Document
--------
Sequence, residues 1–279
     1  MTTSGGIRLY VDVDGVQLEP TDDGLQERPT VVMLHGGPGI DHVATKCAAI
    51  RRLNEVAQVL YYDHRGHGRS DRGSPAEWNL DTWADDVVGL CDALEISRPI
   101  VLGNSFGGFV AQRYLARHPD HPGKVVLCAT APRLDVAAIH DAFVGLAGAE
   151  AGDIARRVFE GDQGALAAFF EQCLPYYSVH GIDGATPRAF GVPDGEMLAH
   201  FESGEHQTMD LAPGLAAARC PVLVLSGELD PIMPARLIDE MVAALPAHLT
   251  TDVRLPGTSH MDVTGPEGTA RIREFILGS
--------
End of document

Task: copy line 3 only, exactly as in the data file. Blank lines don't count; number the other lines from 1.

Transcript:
    51  RRLNEVAQVL YYDHRGHGRS DRGSPAEWNL DTWADDVVGL CDALEISRPI